Several people who work closely with vitamin-doctor Jonathan Wright were expected to take the stand as a federal grand jury convened yesterday, but their subpoenas to testify were withdrawn at the last minute.
Roger Olsen showed up anyway.
"I'd just as soon be in there (testifying) right now," said Olsen, a technician at Meridian Valley Medical Laboratory. "I've got nothing to hide. I guess I really don't understand how the whole system works."
The U.S. attorney's office withdrew subpoenas Thursday evening for two of Wright's employees at the Tahoma Clinic in Kent and four employees of the adjacent laboratory. U.S. attorney spokeswoman Susan Barnes said earlier her office could not comment on any aspect of the case.
Wright's office was raided in May by Food and Drug Administration agents, who were backed up by King County police officers. Clinic employees said they were threatened at gunpoint; police say only one officer had his weapon drawn.
Since that time, Wright has received support from thousands of natural-medicine advocates from around the country, who believe that Wright is the target of a nationwide witch hunt to eliminate nontraditional forms of medicine.
The last-minute subpoena shuffling apparently came about after the employees' lawyers asked for immunity from prosecution for their clients, according to Wright, who was not subpoenaed. When the U.S. attorney refused, the lawyers reportedly said their clients would invoke their Fifth Amendment right not to testify to anything that might incriminate them. After some haggling, the subpoenas were withdrawn. However, they can be reissued during any point while the grand jury hears the case, which could last up to 18 months.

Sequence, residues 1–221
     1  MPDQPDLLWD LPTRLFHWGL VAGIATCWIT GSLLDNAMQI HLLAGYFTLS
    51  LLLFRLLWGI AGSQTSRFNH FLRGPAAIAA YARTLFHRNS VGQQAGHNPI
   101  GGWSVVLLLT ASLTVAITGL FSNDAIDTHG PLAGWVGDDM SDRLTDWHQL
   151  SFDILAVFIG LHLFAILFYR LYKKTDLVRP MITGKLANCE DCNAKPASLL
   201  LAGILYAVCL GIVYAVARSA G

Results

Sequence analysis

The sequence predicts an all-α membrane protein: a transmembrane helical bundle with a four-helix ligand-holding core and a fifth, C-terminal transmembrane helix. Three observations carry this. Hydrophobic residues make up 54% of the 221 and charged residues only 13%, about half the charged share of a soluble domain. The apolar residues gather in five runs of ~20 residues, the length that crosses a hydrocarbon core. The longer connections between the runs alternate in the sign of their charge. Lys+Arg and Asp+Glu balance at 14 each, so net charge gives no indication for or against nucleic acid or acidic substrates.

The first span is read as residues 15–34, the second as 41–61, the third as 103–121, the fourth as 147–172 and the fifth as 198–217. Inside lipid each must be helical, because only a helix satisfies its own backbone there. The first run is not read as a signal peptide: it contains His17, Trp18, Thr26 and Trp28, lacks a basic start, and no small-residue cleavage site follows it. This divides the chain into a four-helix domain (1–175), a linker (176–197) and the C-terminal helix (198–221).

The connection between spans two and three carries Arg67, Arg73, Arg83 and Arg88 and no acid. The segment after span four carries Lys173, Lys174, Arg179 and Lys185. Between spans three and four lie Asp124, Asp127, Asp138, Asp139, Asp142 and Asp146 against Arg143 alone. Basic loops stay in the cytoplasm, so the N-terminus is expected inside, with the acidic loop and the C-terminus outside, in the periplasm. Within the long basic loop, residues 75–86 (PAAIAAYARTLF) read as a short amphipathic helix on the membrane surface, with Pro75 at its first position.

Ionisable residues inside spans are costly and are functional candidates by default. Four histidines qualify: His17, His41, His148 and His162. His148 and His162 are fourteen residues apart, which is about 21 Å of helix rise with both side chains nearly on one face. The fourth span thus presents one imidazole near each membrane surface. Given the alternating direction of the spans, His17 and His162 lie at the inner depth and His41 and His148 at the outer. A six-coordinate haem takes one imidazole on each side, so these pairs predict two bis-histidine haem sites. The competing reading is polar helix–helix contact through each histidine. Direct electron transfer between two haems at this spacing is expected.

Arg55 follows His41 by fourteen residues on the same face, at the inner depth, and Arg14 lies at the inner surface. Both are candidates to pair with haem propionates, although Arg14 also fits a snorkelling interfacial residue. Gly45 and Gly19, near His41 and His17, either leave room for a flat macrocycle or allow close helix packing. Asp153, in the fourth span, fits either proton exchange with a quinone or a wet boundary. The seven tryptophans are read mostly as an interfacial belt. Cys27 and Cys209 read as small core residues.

Cyrus Vance Jr., who represents the clinic employees, would not comment on the case. Three people identified as former laboratory employees were, however, planning to take the stand, but would not comment on the case.
Shortly after the FDA raid, officials said they believed that Wright and another Kent laboratory, which was also raided - were manufacturing drugs without a license and distributing injectable drugs that have not met FDA approval.
In August, Wright filed a legal complaint in U.S. District Court alleging that the FDA had been discrediting him. Wright said he believes the grand jury is an attempt by the federal government to derail his civil suit.
Wright also said he believes the FDA's efforts are "the last gasp of a dying, old regime" to thwart the growing popularity of alternative medicine.
Wright's daughter, Kirsten, waited outside the federal courthouse with her father, wearing hand-painted jeans. One back pocket read "Drugs and the FDA - Bad;" the other, "Vitamins and Dr. Wright - Good" with a smiling face.
"I was feeling creative," she shrugged.